After Adam, we all face Faust’s temptation to overreach (ate). Now sin and death has been loosed on the whole world. It infects every area of life, including our most cherished relationships. I want to pause and examine the way that pride interrupts the spirit of brotherhood that should persist between individuals.
First, pride replaces love with competition (Lewis, The Great Sin). Lewis put it best:
The point is that each person's pride is in competition with every one else's pride. It is because I wanted to be the big noise at the party that I am so annoyed at someone else being the big noise. Two of a trade never agree. Now what you want to get clear is that Pride is essentially competitive - is competitive by its very nature - while the other vices are competitive only, so to speak, by accident. Pride gets no pleasure out of having something, only out of having more of it than the next man. We say that people are proud of being rich, or clever, or good-looking, but they are not. They are proud of being richer, or cleverer, or better-looking than others (Lewis, The Great Sin).
Pride replaces harmony with invidious comparisons. It offers the “pleasure of being above the rest” (Lewis, The Great Sin). And it is never satisfied. There will always be someone better, and our pride will never let us rest until we have surpassed them, until the whole world lies below us. In the place of the pure, legitimate joy of pursuing excellence for its own sake, pride suggests an endless series of competitions, of enemies to be vanquished. Because there can be only one best.
Pride interrupts our vertical as well as our horizontal relationships. Pride prevents us from knowing God (Lewis, The Great Sin). Again, Lewis:
In God you come up against something which is in every respect immeasurably superior to yourself. Unless you know God as that - and, therefore, know yourself as nothing in comparison - you do not know God at all. As long as you are proud you cannot know God. A proud man is always looking down on things and people: and, of course, as long as you are looking down, you cannot see something that is above you (Lewis, The Great Sin).
Pride offers to exchange intimacy with God for your own way. Pride offers you more of you. Why do we choose ourselves? What can we offer ourselves that is so irresistible?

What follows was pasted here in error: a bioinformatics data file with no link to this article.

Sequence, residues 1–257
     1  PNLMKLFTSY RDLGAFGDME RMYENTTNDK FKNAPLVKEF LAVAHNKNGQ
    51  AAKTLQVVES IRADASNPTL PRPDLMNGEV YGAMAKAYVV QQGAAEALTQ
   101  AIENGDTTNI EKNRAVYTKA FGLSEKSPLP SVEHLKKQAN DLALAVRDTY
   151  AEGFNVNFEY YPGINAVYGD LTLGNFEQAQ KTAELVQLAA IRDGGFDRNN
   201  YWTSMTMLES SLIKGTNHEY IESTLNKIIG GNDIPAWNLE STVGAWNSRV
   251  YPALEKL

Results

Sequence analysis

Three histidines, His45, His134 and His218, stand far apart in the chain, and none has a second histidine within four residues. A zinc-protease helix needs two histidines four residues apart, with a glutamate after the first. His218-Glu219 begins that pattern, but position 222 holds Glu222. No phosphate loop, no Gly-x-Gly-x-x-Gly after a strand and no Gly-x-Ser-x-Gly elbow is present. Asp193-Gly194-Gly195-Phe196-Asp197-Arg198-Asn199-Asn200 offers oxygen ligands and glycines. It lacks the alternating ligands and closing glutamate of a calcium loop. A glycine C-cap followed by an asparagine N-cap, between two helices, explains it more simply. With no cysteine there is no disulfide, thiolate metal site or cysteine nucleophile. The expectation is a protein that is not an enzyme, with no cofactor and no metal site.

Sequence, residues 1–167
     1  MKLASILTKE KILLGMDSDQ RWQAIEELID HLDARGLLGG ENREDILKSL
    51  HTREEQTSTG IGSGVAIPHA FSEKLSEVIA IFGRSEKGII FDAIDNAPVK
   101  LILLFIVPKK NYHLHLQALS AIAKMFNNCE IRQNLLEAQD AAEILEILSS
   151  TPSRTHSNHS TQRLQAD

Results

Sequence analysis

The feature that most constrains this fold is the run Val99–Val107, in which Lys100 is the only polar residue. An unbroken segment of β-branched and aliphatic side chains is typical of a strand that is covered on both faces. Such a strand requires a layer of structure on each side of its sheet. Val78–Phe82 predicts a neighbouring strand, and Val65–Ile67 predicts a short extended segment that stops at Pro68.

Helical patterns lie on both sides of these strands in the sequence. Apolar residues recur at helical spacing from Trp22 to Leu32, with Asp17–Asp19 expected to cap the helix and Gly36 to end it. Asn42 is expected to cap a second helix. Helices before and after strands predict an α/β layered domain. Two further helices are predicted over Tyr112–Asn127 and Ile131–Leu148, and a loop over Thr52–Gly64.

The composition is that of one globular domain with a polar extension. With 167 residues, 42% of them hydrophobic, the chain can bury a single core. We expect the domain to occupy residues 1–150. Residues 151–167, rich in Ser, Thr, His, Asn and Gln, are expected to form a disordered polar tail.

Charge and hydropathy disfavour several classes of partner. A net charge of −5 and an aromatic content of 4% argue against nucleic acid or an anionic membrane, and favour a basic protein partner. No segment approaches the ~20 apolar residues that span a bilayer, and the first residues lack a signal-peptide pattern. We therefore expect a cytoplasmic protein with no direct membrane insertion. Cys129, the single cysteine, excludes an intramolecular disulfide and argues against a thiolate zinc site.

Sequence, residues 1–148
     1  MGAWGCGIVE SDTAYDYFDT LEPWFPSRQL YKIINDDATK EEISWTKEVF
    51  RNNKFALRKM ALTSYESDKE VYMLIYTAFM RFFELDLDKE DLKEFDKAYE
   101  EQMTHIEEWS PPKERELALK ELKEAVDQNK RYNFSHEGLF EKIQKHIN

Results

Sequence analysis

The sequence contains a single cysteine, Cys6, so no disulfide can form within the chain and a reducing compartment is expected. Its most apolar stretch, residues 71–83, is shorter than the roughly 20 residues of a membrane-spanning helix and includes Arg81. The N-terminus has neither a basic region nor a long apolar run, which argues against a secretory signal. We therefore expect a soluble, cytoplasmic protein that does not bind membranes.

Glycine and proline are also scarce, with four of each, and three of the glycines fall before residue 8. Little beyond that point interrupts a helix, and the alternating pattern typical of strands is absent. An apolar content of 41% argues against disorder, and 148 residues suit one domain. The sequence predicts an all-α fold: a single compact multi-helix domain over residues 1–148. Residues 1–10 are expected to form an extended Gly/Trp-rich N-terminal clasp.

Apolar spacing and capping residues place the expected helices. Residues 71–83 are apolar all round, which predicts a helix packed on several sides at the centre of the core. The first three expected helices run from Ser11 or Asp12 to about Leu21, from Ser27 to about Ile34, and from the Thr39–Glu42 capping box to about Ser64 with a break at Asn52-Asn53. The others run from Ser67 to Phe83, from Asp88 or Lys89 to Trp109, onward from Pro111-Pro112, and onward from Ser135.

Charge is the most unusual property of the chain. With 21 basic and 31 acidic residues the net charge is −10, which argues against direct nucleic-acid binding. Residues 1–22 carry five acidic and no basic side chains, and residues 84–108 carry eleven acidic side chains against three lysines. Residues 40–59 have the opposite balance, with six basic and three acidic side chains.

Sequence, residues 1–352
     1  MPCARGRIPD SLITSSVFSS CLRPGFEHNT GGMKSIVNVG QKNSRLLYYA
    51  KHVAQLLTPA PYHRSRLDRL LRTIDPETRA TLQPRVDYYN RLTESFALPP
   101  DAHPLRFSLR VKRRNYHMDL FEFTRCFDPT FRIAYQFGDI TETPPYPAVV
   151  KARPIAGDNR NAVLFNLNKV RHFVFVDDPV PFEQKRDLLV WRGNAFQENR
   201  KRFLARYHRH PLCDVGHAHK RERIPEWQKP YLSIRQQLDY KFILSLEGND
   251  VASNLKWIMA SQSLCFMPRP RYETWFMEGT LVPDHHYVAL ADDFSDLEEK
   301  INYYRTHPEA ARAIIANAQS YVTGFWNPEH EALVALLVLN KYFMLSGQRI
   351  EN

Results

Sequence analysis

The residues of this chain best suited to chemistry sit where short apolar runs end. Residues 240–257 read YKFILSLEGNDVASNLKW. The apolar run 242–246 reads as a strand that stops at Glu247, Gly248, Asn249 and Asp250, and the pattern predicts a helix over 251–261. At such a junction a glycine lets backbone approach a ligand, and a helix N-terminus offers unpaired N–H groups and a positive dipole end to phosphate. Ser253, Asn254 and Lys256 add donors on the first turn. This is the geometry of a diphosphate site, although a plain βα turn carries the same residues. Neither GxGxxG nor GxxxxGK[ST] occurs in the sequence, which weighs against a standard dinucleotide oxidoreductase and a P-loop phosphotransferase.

The answer is that at some level we recognize our brokenness. We sense that there is something ugly buried deep inside. We don’t want to look at it. We don’t want to acknowledge the darkness that has taken up residence there. It hurts. It hurts to really see ourselves. It hurts to admit that we are thieves, or liars, or cheats. We don’t want to be gossips, or slanderers, or gluttons. So we hide behind pride. It offers a refuge from our sense that we are fatally flawed. But prideful pleasure is a vapor: you cannot hold it. It is a dish that leaves you hungry as soon as it is past your lips. It is a building that seeks to rip out its own foundation, as Spurgeon knew:
Again, pride is the maddest thing that can exist; it feeds upon its own vitals; it will take away its own life, that with its blood may make a purple for its shoulders: it sappeth, and undermineth its own house that it may build its pinnacles a little higher, and then the whole structure tumbleth down (Spurgeon, Pride and Humility).
It promises pleasure but only drives the needle of despair deeper.
We could talk for hours about the pain that pride has caused throughout our personal histories. Pride introduces corruption into our lives a thousand times a day. Let me give an example from my own life. Last week, I received an email from one of my students. He was struggling to get anything out of my lectures. He felt as though he was teaching himself. Could I perhaps do a few more examples in class?